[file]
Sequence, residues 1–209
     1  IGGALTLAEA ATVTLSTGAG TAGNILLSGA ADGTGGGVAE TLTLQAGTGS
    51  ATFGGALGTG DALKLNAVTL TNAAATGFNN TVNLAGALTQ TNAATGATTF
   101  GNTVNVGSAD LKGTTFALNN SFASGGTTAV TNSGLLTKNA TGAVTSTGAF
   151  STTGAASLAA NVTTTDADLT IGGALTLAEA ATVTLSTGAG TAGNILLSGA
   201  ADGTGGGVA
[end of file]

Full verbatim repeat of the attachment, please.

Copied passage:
Sequence, residues 1–209
     1  IGGALTLAEA ATVTLSTGAG TAGNILLSGA ADGTGGGVAE TLTLQAGTGS
    51  ATFGGALGTG DALKLNAVTL TNAAATGFNN TVNLAGALTQ TNAATGATTF
   101  GNTVNVGSAD LKGTTFALNN SFASGGTTAV TNSGLLTKNA TGAVTSTGAF
   151  STTGAASLAA NVTTTDADLT IGGALTLAEA ATVTLSTGAG TAGNILLSGA
   201  ADGTGGGVA